How to Check Your Dog for Ticks
Ticks are nasty parasites that feed on blood and transmit dangerous diseases to our pets. While any canine can be exposed to ticks, dogs that spend a lot of time outdoors are more susceptible to exposure.
Ticks are tiny. For instance, a deer tick is about the size of a sesame seed, and some species are no bigger than a grain of sand. Due to their small size, ticks often go undetected on dogs if pet parents aren’t specifically looking for them.
To keep your dog healthy, it is important to regularly check your dog for ticks after outdoor playtime and walks, even if your pet is on a flea and tick preventative. Here are some simple steps to help you check for ticks on your dog.
Where to Look for Ticks
Unlike fleas and other insects, ticks do not jump or fly. They latch onto dogs from the ground and crawl upward. Ticks are drawn to dark, moist areas on the body. It’s also important to note that dogs with longer hair give ticks more opportunities to hide. So if you have a breed with long fur, spend extra time examining him for these pesky parasites.
Steps for Removing a Tick
Step 1: Start by examining your dog’s skin for areas that appear red or irritated. If you see a spot, get in closer to see if a tick is causing the irritation.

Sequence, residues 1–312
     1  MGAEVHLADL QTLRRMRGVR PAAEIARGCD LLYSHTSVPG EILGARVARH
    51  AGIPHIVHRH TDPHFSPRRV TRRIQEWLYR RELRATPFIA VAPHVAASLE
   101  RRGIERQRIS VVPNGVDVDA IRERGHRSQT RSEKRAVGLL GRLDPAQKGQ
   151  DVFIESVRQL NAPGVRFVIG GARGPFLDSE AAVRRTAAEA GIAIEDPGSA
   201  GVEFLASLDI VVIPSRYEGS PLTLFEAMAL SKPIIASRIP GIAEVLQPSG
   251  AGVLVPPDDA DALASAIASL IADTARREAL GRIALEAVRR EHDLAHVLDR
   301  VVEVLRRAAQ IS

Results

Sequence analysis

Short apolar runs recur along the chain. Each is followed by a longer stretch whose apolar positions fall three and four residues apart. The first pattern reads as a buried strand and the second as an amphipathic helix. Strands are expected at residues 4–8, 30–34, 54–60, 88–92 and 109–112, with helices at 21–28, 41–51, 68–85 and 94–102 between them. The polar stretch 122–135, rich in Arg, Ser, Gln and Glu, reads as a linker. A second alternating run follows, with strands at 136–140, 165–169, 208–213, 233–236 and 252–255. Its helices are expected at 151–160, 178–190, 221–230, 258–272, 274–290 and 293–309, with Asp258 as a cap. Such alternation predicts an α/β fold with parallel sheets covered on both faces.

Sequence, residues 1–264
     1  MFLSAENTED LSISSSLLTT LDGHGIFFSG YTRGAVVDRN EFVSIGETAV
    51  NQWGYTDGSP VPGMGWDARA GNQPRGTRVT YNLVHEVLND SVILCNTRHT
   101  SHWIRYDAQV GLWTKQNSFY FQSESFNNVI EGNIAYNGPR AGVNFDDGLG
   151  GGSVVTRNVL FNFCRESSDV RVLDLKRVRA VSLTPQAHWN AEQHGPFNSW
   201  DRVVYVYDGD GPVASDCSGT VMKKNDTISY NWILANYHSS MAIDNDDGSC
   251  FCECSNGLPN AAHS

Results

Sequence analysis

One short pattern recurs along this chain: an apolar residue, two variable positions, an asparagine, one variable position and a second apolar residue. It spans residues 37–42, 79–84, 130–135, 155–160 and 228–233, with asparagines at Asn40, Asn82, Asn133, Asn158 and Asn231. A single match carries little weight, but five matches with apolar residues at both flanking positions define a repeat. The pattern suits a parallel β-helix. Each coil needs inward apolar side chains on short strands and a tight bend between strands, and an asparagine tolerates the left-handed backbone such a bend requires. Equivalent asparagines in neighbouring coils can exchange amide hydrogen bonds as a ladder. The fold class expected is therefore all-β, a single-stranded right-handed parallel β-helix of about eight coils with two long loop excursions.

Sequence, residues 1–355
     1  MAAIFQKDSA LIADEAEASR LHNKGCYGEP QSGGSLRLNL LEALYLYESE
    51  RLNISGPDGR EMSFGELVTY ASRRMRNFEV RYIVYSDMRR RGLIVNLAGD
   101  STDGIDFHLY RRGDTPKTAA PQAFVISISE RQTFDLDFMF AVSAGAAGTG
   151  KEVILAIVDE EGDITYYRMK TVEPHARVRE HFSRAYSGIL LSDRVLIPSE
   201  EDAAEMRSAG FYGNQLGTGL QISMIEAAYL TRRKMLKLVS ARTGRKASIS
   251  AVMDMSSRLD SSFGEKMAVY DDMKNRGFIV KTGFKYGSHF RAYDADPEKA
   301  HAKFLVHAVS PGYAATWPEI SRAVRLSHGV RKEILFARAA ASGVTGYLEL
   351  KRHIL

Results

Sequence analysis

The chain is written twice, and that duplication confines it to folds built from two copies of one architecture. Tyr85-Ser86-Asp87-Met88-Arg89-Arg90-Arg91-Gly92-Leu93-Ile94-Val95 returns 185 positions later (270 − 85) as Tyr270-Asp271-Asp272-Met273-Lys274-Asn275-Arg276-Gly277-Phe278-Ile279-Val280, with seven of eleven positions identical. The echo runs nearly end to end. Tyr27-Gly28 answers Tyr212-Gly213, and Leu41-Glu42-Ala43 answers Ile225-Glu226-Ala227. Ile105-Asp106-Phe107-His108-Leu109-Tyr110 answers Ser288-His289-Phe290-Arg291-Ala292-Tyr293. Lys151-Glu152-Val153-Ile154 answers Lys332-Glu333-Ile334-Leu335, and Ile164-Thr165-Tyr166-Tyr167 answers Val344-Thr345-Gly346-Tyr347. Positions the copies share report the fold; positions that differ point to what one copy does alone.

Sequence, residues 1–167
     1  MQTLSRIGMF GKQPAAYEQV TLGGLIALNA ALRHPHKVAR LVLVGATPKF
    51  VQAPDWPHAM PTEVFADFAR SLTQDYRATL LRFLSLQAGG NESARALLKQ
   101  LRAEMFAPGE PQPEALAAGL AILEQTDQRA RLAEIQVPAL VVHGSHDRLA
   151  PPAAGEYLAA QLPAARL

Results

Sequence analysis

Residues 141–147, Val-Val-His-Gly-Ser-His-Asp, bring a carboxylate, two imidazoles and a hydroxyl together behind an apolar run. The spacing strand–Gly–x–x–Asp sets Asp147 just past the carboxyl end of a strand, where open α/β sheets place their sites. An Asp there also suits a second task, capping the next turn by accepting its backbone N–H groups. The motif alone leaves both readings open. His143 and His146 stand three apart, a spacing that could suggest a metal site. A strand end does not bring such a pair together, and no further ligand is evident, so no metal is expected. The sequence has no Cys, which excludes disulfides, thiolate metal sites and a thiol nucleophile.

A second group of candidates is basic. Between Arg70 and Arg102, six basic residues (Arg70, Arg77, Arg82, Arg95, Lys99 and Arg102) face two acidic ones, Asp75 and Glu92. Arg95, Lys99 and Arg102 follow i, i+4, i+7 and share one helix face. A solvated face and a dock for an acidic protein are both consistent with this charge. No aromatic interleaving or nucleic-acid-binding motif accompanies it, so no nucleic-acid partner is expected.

Step 2: Then, starting at your dog’s head, use your fingers like a comb and run your hands over your dog’s body. You are feeling for lumps or bumps you previously did not notice.
Make sure to check under your dog’s collar, inside the groin area, and under your dog’s front legs. It’s also important to examine under your dog’s tail and between his toes.
Step 3: Check your dog’s ears thoroughly looking inside and out. It may help to shine a flashlight into the ear canal when examining for ticks.
Step 4: Using a brush or a flea comb to check through your dog’s fur is also a good idea. If you hit a bump or a snag, do not pull or force the comb over the bump. Stop, part the fur at the location, and find out what the bump is before proceeding.
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